Wed, Nov 15, 2006, 4:41am (EST+5) snipped-for-privacy@Yahoo.com (Toller) plaintively
What are you talking about?
It's a different time. If you need an explanation, you'll never
Democratic justice. One man, one rock.
Wed, Nov 15, 2006, 3:56pm (EST-3) email@example.com doth burbleth:
To quote yourself....
Your silly crap is becoming wearisome.
For the Goids' sakes, learn to snip.
You can always ignore him you know. I'm sure Tom does you.
Democratic justice. One man, one rock.
He is talking about events that occurred more than 10 years ago, right
here in the wreck. I am one of the "Bennett's" that he is referring to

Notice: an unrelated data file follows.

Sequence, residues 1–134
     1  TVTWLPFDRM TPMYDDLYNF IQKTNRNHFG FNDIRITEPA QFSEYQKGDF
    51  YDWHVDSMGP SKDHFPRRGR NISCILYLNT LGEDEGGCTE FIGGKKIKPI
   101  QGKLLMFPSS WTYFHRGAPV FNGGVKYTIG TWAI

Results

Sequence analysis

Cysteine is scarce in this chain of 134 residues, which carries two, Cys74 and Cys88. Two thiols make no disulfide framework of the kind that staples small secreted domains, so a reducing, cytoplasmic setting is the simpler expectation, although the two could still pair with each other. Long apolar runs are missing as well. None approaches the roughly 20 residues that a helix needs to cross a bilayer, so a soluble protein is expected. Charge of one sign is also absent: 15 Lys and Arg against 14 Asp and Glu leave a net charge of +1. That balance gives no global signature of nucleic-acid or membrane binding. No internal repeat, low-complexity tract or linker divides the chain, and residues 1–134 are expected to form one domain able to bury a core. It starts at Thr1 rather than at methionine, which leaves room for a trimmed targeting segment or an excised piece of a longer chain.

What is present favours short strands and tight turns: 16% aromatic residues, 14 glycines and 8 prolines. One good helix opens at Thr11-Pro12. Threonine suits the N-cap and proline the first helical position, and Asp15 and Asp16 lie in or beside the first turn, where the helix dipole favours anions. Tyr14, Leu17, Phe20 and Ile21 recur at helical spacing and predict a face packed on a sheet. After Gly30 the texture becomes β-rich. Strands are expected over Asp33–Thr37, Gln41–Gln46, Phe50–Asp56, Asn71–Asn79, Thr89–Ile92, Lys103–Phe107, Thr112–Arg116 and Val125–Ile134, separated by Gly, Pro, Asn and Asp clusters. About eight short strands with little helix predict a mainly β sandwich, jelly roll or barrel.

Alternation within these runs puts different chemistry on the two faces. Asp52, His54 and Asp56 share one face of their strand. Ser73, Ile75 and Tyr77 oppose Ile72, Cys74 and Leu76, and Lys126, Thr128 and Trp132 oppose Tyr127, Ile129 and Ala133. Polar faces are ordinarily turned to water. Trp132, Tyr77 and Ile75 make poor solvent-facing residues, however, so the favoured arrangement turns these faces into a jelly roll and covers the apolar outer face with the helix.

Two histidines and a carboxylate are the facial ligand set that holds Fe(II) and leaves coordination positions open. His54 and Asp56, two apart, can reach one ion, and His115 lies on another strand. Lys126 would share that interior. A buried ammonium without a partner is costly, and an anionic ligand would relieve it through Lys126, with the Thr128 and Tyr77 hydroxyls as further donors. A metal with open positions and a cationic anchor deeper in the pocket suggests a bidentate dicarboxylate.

(my last name). The other uses "Bennett" as his first name.
Shortly after I started participating in the group, the other Bennett
started haunting my every post with trolling, taunting responses
designed to incite a flame war. It wasn't at all like TJ's cryptic
little stories. These were head-on attacks. Mostly, he was very
critical of my products but onced he even started a thread entitled "Ed
Bennett must die!". His tactics worked just about every time. Before
long he knew all my buttons pretty well and I shot back with flames on
a regular basis. There were truces and "cease fires" and all sorts of
efforts to end the wars. I don't remember anything about
"KnownHammers" but perhaps I was just too caught up in it all. Tom is
right, it was BAD!
I can't remember exactly how it ended. But in the end there were a
number of email messages exchanged and a dozen or so people (who were